Total Fe 66.00

Total S 0010 As 0.018 Cu 0.038 Zn 01045 Pb 0.030

The total loss in iron through volatilization was 0.64 percent, while the corresponding consumption of HCl was 5.15 kg. per ton ofashes.

We claim:

1. Process for the purification of pyrite and pyrrhotite cinders from nonferrous metals, from arsenic and from sulfur, which comprises carrying out the reduction of the hematite to magnetite in a fluid bed, by direct injection of a hydrocarbon fuel and air in deficiency, at 850-950 C. and with contact time from 15 to 45 minutes, up to a degree of reduction equal to from 10-90 percent, and in the presence of small quantities of HCl, carrying out the chlorination and reoxidation of the thus produced hot cinders in a fluid bed reactor with air and a chlorinating agent, at temperatures from 650-l ,000 C., with contact time from 20 to 150 minutes, and that the gases leaving the reactor contain less than 0.5 percent by volume of free oxygen.

2. The process of claim 1, wherein the hydrochloric acid in the reduction phase is used in a quantity which is from a minimum of 40 percent of stoichiometric for chlorinating the arsenic, to a maximum of percent of stoichiometric for chlorinating As and Pb.

33. The process of claim 1, wherein the chlorinating agent is chlorine or hydrochloric acid.

4. The process of claim 1, wherein the chlorinating agent is a waste chloroalkane.

5. The process of claim 1, wherein the chlorinating agent is used in a quantity of from -135 percent with respect to the stoichiometric required for converting the nonferrous metals into volatile chlorides.

6. The process of claim 1, wherein the purified cinders are pelletized at temperatures below 1,150" C.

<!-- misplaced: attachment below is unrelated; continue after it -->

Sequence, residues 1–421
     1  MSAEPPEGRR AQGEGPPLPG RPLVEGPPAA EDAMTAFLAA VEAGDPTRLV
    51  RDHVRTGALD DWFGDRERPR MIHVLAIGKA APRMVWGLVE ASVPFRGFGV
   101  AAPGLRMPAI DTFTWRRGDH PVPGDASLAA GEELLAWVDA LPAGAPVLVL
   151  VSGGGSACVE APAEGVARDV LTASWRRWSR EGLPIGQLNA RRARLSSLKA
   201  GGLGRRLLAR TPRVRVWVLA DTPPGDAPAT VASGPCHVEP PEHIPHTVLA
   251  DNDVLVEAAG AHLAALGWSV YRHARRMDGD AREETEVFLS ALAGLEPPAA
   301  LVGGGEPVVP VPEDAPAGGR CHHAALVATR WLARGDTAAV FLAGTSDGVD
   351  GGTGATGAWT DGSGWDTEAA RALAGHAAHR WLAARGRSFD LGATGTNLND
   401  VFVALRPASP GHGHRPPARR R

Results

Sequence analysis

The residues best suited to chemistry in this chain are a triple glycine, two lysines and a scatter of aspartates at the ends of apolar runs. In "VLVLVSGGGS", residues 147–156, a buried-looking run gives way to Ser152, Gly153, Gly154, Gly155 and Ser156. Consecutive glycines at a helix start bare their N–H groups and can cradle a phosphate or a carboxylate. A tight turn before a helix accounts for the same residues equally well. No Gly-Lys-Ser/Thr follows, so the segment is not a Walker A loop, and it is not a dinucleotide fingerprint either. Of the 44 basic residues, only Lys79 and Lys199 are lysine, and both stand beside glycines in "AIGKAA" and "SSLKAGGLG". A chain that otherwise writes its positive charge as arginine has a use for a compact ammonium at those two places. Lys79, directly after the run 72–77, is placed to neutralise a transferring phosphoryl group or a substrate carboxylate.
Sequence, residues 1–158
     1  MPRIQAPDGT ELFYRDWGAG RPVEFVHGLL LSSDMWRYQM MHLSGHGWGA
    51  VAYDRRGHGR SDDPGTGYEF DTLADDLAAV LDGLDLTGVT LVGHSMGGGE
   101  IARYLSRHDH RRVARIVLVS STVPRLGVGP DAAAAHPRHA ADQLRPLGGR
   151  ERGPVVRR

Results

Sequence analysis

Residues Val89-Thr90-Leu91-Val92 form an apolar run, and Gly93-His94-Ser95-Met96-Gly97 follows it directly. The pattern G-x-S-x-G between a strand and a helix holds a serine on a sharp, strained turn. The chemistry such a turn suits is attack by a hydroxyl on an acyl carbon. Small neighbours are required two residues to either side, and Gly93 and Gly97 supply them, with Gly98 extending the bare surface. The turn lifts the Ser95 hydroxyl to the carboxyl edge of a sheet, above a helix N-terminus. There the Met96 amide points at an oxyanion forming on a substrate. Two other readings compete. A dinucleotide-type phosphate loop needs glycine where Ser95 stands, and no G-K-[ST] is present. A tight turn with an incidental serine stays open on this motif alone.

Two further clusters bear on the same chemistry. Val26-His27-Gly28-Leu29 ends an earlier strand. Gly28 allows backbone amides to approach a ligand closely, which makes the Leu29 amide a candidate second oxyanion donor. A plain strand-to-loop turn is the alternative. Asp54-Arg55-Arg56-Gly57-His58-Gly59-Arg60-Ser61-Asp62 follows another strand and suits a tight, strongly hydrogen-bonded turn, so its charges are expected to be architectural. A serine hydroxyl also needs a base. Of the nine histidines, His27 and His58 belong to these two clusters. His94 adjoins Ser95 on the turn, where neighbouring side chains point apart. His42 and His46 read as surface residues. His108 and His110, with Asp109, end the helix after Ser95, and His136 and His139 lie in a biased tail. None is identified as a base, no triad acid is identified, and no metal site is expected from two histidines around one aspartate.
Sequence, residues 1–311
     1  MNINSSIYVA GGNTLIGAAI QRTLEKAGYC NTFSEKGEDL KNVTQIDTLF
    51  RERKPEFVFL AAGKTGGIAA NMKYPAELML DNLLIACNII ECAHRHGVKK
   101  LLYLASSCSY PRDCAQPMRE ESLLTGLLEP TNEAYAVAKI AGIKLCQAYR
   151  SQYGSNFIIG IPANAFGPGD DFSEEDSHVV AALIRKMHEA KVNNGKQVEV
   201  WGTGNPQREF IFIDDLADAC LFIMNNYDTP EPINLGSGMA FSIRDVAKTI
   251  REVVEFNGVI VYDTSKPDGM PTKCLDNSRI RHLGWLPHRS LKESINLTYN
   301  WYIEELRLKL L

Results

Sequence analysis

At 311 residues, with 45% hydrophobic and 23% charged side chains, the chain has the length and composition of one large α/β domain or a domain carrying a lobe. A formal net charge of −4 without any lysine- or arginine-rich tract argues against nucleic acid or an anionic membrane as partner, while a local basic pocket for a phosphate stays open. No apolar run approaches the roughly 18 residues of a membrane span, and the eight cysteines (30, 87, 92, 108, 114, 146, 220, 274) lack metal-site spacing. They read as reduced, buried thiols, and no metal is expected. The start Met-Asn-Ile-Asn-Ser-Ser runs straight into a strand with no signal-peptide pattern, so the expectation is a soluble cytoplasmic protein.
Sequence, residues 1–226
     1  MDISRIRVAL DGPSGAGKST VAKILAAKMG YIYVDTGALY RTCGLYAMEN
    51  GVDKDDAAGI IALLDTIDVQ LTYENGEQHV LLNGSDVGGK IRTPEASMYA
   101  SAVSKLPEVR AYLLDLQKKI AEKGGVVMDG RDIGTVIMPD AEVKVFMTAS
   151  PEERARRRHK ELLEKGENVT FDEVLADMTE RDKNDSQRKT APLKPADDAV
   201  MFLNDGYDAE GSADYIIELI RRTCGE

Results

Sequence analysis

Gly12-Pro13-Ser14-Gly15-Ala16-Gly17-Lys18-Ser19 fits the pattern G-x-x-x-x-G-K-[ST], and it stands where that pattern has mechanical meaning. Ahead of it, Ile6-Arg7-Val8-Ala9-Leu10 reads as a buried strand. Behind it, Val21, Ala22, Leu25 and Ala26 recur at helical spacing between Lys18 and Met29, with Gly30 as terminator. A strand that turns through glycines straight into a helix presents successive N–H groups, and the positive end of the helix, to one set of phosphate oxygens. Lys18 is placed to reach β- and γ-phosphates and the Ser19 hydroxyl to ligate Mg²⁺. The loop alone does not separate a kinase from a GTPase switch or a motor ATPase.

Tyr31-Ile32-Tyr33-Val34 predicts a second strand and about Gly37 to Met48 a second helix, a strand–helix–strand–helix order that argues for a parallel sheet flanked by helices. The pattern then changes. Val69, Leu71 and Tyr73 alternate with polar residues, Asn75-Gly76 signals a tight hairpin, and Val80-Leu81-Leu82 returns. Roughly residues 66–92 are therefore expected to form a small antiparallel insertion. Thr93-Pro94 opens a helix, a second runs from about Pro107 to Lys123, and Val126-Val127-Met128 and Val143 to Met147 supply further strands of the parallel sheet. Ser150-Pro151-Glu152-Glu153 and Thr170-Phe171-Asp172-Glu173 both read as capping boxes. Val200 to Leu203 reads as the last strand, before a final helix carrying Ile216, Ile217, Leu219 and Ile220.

7. The process of claim 1, wherein the purified cinders optionally enriched, are sent hot directly to the partial or total reduction to metal iron.

8. The process of claim 1, wherein the chlorination and reoxidation is at a temperature of 850950 C.

Patent Citations
Cited PatentFiling datePublication dateApplicantTitle
US2848314 *Aug 7, 1956Aug 19, 1958Basf AgProduction of roasting products practically free from copper
US3160496 *Mar 27, 1962Dec 8, 1964Montedison SpaProcess for treating ironpyrites
US3235328 *Jun 15, 1962Feb 15, 1966Dominion Gulf CompanySulfurous acid leaching and reductive chlorination of high melting metal-containing ores
CA554003A *Mar 4, 1958United Steel Companies LtdMethods for the concentration of iron ore
CA593959A *Mar 8, 1960Reymersholms Gamla Ind AktieboMethod of refining nickel oxide material
GB802037A * Title not available
GB818747A * Title not available
Referenced by
Citing PatentFiling datePublication dateApplicantTitle
US3955960 *Jul 22, 1974May 11, 1976Boliden AktiebolagMethod for roasting finely divided sulphide material consisting of magnetic pyrites or of a finely divided material derived from a pyritic material, in which thermally splittable sulphur is expelled by partial roasting or other thermal treatment
US4092152 *Aug 3, 1977May 30, 1978The International Nickel Company, Inc.Pellitizing in chlorine atmosphere
US4259106 *May 4, 1979Mar 31, 1981Outokumpu OyProcess for the roasting and chlorination of finely-divided iron ores and concentrates containing non-ferrous metals
US4800069 *Sep 21, 1987Jan 24, 1989National Research Development CorporationHaliding a metal ferrite
US5810905 *Oct 7, 1996Sep 22, 1998Cleveland Cliffs Iron CompanyProcess for making pig iron
US6090353 *Apr 1, 1998Jul 18, 2000Svedala Industries, Inc.Method of removing impurities from mineral concentrates
US20120114539 *Jan 15, 2010May 10, 2012Minex Technologies LimitedMetal Recovery Process
WO2010082065A2Jan 15, 2010Jul 22, 2010Minex Technologies LimitedMetal recovery process
Classifications
U.S. Classification75/433, 423/148, 423/138, 75/748, 423/153
International ClassificationC22B1/11, C22B1/00, C22B1/10, C22B1/08, C22B7/04
Cooperative ClassificationC22B1/08
European ClassificationC22B1/08